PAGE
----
I set out from Taipei early in the morning. My base in Taiwan’s capital city was in the far north of the country, but Taiwan is absurdly easy to get around. An extensive rail network takes you all over the country, but I had a specific destination in mind that morning: I was going on a day trip from Taipei to Taroko Gorge.
Taroko Gorge is one of Taiwan’s highlights, and with just cause. Located close to the city of Hualien, a couple of hours south of Taipei by train and close to the east coast of the country, the gorge slices through the mountains in a series of breathtaking valleys lined by lush sub-tropical vegetation and beautifully patterned rock faces. The mountains are made of marble, and their swirling colours line the sides of the gorge.
But my day started on the coast. Joining a tour group at the Hualien train station, we set out first towards the Qingshui cliffs. On a bend in the highway, a side road heads out to a viewpoint where there is a stunning panorama, as marble cliffs drop vertically into a bright turquoise sea. Further ahead, the main road winds its way along the coast and disappears into a tunnel. Running parallel to it, perilously close to the cliff edge, is the old main road, which shows how hazardous it was to travel up this coast until comparatively recently.
Qingshui Cliffs are a regular morning stopoff, as it is at this time of day that the easterly sun bathes the cliffs in light and makes the sea sparkle in many shades of blue. As the clouds began to roll in, however, we set off again for the main destination of the day: Taroko National Park.
Navigating the park itself is pretty easy. There is really only one road, which runs from Hualien to Taroko Gorge, and then along the gorge itself in a series of bends and spectacular bridges. We stopped first at the Shakadang Trail, where a footpath runs along the edge of the gorge for about 30 minutes. The walk is spectacular, taking you past rocky overhangs and through lush trees and foliage. The Liwu River runs along the bottom of the gorge it created in a sparkling thread of silver among the marble and subtropical greenery. The walk is gentle, and provides a wonderful opportunity to examine the gorge up close.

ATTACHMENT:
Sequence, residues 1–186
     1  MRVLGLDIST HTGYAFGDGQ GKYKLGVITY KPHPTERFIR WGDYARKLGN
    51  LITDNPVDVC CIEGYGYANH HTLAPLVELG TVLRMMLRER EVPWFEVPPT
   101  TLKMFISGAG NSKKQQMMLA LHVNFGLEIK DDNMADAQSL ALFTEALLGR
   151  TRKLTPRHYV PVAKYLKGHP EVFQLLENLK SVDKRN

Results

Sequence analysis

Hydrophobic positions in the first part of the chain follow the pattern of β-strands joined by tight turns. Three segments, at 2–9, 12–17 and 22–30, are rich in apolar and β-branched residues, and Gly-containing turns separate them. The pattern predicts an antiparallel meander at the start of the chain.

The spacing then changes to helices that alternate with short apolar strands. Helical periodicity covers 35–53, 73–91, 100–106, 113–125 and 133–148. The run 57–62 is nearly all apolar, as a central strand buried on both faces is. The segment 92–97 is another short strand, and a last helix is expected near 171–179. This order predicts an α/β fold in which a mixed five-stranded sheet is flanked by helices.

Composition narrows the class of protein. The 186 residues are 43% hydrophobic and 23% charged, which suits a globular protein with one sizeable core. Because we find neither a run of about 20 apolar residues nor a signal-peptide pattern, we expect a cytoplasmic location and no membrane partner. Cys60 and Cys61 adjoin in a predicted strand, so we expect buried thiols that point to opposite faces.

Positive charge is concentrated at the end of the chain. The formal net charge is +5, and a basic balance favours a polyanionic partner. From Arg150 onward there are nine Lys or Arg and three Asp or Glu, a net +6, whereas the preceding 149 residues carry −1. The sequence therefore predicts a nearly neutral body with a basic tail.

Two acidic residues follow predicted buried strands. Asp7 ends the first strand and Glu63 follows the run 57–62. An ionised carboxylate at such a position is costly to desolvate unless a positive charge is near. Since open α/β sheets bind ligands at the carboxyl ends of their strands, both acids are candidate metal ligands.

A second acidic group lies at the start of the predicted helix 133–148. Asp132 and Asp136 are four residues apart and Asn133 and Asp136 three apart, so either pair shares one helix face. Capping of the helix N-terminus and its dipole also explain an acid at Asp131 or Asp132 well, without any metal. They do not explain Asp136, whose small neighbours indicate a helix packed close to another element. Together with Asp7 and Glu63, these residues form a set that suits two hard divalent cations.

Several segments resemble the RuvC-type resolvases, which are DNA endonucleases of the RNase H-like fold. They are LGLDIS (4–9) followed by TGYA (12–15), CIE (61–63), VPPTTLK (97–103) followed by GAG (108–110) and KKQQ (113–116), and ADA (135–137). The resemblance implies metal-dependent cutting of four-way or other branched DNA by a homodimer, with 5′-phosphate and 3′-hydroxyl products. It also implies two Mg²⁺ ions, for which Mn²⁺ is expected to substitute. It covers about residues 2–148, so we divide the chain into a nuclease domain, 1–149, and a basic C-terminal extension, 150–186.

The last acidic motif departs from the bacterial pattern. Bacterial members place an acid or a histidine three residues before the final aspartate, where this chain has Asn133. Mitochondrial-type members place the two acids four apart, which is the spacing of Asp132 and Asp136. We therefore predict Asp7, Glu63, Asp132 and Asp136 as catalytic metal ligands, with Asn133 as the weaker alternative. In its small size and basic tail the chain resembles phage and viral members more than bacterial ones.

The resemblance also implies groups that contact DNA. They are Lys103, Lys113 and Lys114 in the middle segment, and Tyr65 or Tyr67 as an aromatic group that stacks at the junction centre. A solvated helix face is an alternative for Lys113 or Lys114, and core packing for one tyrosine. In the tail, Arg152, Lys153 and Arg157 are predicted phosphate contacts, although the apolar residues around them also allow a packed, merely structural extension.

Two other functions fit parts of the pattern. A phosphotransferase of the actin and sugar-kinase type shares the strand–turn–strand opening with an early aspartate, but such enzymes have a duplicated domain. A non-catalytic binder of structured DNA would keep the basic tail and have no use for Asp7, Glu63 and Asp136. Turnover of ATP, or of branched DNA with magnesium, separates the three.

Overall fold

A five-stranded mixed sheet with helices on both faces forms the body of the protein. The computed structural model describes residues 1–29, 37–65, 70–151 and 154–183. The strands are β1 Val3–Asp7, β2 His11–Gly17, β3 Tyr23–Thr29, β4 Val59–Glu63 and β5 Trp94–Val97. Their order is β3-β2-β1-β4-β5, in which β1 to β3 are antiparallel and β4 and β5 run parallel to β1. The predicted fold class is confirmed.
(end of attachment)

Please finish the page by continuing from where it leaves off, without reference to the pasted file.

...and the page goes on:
At the end of the trail, we doubled back and returned to our starting point on one of the bridges that criss-cross the park. Soaring high above the gorge, the bridges themselves are a work of art, with each one lined with statues of lions and other motifs that give you no doubt of the Chinese heritage of the country. Moving on, however, we set off to explore more of the park. After lunch in a local restaurant, the next stop was Swallow Grotto.
Swallow Grotto is another footpath along the river’s edge, but very different from the Shakadang Trail. Running mainly parallel to the road which has been carved into the rock, the trail follows a section of the gorge which is high above the river below, taking you below rocky overhangs and natural archways. Hard hats are required to negotiate the trail, which adds a dose of humour to the occasion. But the real draw is the tiny natural caves that litter the rock face along this section of the gorge, and which are used by swallows for nesting each spring. The swirls of marble are also particularly spectacular along this section of the gorge.